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Are vaccines the light at the end of the tunnel?


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1 hour ago, cruise47 said:

Have anyone heard about a New Vaccine Passport being developed in Denmark.

This passport will show that you have been vaccinated for  COVID-19 (dates and the type of vaccine).

Here is what I found out about this.  There are many countries working on something similar.

https://www.ft.com/content/b0814db0-c1ad-42de-81c0-b0a407746e1d

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46 minutes ago, TeeRick said:

First off, Australia is mostly isolated and has done a great job overall of keeping the virus out or at great containment when it does pop up.  Your leaders are being very careful and rightly so.  Keep the beast at bay.

 

Shedding is a term in viral diseases meaning "release of active, infectious viral particles" and in the case of COVID (SARS-CoV-2) release of these infectious virus particles on respiratory droplets from your mouth and nose into the air.  The amount of viral shedding is the dose you are spreading around.  Some people for whatever reason have been seen to be Super Spreaders (or Super Shedders).  Even if they have no symptoms (asymptomatic).   In countries like where I live (USA) the people who track the virus infections after the fact (Tracers) have frequently linked infections back to single events (funerals, parties, bars) where one Super Spreader person infected a lot of people.

 

I think a bigger question may relate more to why people have different levels of shedding. Major symptoms are one thing, but it seems some nearly or totally asymptomatic carriers have been super-shedders, too. Do different people carry different levels of viral cells in their resp passages? Maybe expel droplets lighter than other people so they are aloft longer and reach others more readily?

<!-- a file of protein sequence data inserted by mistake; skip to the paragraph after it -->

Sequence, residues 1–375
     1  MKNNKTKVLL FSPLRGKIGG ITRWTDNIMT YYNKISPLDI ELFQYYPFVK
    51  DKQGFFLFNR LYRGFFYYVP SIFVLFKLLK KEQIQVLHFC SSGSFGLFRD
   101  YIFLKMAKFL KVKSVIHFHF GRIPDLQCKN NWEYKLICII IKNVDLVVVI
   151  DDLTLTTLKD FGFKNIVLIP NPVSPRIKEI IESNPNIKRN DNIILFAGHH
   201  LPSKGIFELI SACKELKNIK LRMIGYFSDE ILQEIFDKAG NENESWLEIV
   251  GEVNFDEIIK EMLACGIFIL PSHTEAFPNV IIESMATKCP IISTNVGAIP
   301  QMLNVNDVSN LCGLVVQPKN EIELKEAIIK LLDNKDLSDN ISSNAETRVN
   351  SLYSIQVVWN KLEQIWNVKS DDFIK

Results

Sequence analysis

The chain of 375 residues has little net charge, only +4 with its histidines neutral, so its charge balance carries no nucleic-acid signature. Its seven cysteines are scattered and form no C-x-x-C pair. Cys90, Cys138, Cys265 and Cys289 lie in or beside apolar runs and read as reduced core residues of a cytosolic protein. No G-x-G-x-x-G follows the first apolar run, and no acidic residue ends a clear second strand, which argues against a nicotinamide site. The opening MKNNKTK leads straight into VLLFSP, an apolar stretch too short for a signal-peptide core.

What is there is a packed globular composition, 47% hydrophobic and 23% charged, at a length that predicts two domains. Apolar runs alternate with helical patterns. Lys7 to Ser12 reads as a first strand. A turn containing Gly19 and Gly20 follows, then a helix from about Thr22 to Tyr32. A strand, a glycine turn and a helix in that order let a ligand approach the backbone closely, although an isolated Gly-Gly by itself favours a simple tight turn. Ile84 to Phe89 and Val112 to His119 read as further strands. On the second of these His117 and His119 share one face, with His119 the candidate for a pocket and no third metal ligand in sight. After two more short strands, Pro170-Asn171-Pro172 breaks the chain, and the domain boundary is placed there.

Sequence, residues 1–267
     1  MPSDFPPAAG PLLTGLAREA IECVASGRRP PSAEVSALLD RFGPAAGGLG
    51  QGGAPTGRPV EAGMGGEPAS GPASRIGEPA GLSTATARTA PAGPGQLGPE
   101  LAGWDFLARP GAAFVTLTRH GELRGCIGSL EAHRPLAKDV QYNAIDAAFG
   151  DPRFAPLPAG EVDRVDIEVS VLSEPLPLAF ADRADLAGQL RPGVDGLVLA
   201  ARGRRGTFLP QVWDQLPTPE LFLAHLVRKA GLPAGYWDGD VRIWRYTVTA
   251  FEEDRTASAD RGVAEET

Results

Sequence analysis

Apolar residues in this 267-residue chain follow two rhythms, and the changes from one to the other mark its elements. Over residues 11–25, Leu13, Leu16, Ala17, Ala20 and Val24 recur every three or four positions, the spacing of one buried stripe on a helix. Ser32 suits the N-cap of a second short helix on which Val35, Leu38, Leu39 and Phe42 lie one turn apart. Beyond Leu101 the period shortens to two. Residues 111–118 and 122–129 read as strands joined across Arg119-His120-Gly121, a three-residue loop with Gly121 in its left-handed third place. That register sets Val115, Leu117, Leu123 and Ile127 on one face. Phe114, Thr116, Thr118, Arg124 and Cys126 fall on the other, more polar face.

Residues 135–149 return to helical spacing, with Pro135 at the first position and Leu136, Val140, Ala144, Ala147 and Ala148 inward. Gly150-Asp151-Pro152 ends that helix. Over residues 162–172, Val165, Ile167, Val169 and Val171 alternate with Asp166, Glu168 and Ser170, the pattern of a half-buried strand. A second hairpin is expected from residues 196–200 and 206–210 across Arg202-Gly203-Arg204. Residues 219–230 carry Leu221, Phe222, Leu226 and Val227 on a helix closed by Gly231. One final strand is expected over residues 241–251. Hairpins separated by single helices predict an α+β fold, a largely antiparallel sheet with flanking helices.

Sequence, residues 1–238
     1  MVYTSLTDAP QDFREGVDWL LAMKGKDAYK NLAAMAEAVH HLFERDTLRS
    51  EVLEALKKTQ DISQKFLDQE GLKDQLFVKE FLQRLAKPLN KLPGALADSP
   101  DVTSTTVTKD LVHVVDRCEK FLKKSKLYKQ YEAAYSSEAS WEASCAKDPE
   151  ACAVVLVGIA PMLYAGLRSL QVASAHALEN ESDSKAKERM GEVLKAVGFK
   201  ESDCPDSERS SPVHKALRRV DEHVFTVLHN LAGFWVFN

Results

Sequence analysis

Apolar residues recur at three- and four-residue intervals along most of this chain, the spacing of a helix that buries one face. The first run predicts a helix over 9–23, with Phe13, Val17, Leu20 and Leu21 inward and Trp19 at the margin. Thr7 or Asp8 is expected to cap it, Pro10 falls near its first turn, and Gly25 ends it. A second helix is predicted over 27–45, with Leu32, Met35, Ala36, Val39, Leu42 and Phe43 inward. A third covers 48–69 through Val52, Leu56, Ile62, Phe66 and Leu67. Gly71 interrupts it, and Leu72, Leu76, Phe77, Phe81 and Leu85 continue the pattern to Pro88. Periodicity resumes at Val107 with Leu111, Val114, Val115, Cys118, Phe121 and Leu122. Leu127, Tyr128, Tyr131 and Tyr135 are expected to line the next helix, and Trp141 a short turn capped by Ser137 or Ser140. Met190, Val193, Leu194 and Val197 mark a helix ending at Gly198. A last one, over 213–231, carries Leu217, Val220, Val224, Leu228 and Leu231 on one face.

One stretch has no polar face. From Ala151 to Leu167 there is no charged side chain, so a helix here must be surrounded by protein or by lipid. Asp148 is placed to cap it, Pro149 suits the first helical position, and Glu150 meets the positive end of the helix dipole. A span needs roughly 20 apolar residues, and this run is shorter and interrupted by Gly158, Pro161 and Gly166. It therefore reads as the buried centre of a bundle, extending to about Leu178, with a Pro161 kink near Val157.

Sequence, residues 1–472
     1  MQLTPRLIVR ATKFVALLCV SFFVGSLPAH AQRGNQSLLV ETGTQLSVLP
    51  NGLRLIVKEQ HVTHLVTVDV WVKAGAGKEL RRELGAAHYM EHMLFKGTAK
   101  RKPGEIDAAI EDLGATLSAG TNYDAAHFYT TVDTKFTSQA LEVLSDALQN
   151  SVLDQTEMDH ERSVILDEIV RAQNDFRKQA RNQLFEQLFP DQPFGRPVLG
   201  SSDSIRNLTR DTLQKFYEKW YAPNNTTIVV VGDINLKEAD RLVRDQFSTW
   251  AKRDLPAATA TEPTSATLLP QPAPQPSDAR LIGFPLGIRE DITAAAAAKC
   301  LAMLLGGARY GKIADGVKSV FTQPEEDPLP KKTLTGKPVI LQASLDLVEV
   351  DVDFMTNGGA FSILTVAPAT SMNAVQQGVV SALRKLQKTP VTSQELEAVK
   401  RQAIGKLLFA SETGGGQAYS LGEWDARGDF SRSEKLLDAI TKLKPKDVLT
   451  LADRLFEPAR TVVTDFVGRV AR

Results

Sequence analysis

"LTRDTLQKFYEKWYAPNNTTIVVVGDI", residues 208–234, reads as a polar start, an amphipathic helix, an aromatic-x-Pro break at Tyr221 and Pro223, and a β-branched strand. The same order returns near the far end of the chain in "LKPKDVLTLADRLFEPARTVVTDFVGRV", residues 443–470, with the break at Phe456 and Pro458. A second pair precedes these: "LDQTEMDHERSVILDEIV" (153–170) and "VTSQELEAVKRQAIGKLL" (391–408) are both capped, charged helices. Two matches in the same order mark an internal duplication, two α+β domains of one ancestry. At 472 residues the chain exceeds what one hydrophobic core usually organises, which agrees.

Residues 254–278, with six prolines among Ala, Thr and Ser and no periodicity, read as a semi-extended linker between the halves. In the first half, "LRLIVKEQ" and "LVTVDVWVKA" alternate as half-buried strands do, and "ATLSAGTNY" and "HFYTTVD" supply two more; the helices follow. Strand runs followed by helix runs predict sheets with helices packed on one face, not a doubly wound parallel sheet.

Edited by mayleeman
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1 hour ago, mayleeman said:

 

I think a bigger question may relate more to why people have different levels of shedding. Major symptoms are one thing, but it seems some nearly or totally asymptomatic carriers have been super-shedders, too. Do different people carry different levels of viral cells in their resp passages? Maybe expel droplets lighter than other people so they are aloft longer and reach others more readily?

Perhaps it is early in their viral infections.  A lot of virus being produced and shed just prior to them developing COVID symptoms.  Happens with other viruses.  For asymptomatic shedders perhaps it is related to their pre-existing cellular immunity (T-cells and cytokines and interferons).  Nobody really understands yet. 

 

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That’s because it wasn’t checked for not because it does not do so.  The new Astra Zeneca vaccine did check for it and it did prevent one from being able to pass virus.  I hate the way it is being portrayed now that the Pfizer and Moderna don’t keep one from being infectious.  It’s just a way of keeping people wearing a mask until they have a better way of proving people have been vaccinated.  If you pay close attention to the language you will always hear things like “it has not been shown to be effective in preventing one from passing the virus to another” rather than it prevents someone from passing it.  Of course it has not been shown because that’s not what they were looking for.  Doesn’t mean it won’t. 

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3 hours ago, Nancycat said:

Vaccines are wonderful, but at this time there is no definitive evidence that the vaccines prevent transmission of Covid.

Wearing a mask protects others, 

I will be fully vaccinated in less than a week and will continue to wear a mask to protect those who are not.


Bingo. People who have been vaccinated still get Covid. They just have very mild or no symptoms. There is nothing suggesting that they don’t spread the virus. Europe and the world are headed straight for a third wave if vaccinated people are going to run around the place like crazy. Thank you for doing the right thing. Posts on here like “I’ve had my vaccine; where’s the cruise ship?” display an incredibly selfish attitude that really annoys me.